Expires header – a separate header that says when the response is no longer valid. If both Max-Age and Expires are set, then Max-Age overrides Expires.
When we operate under No-Cache directive, we have to validate whether given resource changed since last time we accessed it. There are two mechanisms for that, namely content-based (ETag) and time-based (Last-Modified)
ETag header – also known as Entity Tag, included in server response is a unique fingerprint of the resource. The client can save it and use its value in If-None-Match header in the subsequent GET request. If the resource was not changed, the server should return a response with HTTP status code 304 Not Modified, which means that that client can use cache version. If resource changed, the new version will be returned from the server and new ETag will be generated. When modifying resource with PUT, we can use our saved ETag and use it with If-Match header. If the resource was unchanged, we are good to go. Otherwise, we will get an HTTP 412 Precondition Failed and we should obtain a current version of the resource in order to avoid conflict. ETags can be strong (binary) or weak (semantic). The latter means that although the resource is not the same byte to byte, it can be considered as such for client’s purposes.
Last-Modified header – is a time-based alternative to ETag. Instead of resource fingerprint, we rely on last modification date from the response and use If-Modified-since header in subsequent requests. For PUT we can analogously use If-Unmodified-Since. If conditions are not met, the server should response in 304 Not Modified or 412 Precondition Failed respectively. ETag takes priority over Last-Modified.
Must-revalidate – a Cache-Control directive that ensures that client will refresh an expired response.
Proxy-revalidate – same as above, but relevant to shared caches and ignored by private ones.
Having necessary tools at our disposal, let’s look at tradeoffs in various situations when the cache is at play.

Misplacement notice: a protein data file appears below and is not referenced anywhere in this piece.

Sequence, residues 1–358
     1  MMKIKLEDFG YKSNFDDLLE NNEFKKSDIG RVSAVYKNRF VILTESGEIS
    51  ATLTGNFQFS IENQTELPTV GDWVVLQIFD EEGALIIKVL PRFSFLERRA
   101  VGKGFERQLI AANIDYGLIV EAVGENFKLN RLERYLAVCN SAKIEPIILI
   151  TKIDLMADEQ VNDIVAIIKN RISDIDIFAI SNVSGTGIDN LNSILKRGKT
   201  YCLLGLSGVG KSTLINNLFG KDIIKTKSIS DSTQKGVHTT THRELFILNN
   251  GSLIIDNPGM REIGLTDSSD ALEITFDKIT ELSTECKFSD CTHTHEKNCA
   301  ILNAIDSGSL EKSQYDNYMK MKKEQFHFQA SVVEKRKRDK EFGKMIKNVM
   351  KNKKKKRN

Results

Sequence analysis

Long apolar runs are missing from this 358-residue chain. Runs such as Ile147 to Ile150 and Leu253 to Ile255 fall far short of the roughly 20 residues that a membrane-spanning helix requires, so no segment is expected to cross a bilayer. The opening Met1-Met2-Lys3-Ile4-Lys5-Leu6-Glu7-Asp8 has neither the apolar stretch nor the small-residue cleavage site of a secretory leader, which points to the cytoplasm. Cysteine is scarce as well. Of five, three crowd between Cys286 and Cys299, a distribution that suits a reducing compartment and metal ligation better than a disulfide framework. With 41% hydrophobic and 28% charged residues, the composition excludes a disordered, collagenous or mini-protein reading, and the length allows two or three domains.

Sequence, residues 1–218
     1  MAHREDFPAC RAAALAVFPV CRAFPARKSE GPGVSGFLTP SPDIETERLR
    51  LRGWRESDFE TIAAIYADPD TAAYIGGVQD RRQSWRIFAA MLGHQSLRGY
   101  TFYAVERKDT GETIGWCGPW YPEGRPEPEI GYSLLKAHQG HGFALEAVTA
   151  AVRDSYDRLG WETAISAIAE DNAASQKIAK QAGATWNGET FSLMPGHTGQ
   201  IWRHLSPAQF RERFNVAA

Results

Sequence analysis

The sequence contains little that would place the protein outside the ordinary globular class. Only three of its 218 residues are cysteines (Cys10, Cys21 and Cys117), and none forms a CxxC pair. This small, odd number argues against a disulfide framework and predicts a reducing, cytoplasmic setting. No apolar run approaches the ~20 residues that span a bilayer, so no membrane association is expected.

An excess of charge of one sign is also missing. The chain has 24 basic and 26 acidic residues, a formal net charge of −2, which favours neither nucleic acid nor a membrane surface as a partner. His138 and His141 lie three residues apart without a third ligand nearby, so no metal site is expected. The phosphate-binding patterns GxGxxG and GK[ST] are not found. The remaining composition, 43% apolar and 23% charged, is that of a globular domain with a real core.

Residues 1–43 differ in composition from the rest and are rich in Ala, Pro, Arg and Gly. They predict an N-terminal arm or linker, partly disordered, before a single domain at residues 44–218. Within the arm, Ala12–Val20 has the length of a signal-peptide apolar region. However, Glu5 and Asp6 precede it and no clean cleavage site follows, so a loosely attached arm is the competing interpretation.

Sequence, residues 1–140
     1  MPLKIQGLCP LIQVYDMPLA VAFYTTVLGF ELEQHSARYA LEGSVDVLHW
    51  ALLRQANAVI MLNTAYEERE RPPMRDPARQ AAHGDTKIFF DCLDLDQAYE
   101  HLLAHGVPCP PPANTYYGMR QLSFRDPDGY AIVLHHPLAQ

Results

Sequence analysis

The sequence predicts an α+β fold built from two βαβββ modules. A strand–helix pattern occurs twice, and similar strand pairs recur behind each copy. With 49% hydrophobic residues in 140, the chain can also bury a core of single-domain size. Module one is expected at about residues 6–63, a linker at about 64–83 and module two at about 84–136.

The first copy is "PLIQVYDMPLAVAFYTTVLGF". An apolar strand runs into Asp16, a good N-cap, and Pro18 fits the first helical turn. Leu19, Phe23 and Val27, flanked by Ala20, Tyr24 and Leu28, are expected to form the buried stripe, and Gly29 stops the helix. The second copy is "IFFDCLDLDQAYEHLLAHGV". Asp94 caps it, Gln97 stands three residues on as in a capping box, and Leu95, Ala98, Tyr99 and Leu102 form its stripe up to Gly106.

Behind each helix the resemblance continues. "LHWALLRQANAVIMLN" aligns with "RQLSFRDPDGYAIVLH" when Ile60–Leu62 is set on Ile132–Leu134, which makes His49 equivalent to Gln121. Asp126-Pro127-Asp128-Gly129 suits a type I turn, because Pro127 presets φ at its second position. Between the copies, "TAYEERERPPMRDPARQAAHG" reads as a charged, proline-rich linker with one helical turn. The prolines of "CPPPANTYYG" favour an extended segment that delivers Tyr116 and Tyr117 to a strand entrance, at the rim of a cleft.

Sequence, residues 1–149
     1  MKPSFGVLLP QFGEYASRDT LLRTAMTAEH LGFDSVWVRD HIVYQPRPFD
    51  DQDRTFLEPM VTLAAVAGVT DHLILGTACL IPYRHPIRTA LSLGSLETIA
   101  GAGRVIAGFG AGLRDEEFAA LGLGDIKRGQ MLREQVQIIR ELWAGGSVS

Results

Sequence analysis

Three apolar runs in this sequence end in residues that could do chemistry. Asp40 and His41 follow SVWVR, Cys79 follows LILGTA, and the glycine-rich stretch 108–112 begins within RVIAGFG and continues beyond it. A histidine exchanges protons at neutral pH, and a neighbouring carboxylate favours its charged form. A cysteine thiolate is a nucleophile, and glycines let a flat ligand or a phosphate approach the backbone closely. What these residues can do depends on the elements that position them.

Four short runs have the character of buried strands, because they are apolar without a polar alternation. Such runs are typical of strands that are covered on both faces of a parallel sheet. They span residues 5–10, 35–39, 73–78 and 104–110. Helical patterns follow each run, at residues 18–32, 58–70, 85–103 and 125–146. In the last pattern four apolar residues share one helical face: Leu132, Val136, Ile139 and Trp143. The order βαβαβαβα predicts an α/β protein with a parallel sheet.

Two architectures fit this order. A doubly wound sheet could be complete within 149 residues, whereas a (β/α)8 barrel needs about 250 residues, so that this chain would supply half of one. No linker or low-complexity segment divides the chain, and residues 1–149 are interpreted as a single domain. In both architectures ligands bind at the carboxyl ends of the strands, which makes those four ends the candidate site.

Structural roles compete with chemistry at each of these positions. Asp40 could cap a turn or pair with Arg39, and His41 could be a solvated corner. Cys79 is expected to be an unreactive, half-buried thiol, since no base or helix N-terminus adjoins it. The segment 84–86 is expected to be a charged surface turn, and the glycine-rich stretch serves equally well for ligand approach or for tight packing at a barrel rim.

Fast vs Fresh. The longer we allow to cache, the more resources we save. Determine whether it is important for given resource to be up to date or not and how often is it going to change in practice.
Public vs Private. If data is specific to one user, it should be private; if it’s common it can be public.
Sensitive vs Transparent. If data is confidential, it should not be kept even on client’s machine (or especially on client’s machine in many cases…) in order to reduce security risk.
Invalidation. What if resource changes while caching policy does not require it to be validated, but we made a mistake and are now in a hurry to force clients to use the new resource? We can invalidate reverse caches we control, but we don’t really have a way to force clients to do that on their side. Aside from waiting, we can change the resource URL, effectively creating the new resource, and include it in responses whenever we point to it.
Lots of stuff. If you feel confused, don’t worry. There are two difficult things in computer science – naming things, caches, and off-by-one errors. Caching strategy is worth to take care of when designing web API, as it might make a tremendous difference in performance. Performance in web systems translates directly to the money we can save on our production environment cost and the more traffic we handle the bigger the difference.
In the next episode, we will continue with other aspects of good web API design. If you prefer to listen instead of read – I will be speaking on the subject on Devoxx PL conference at the end of June, feel free to contact me if you want to grab a beer there.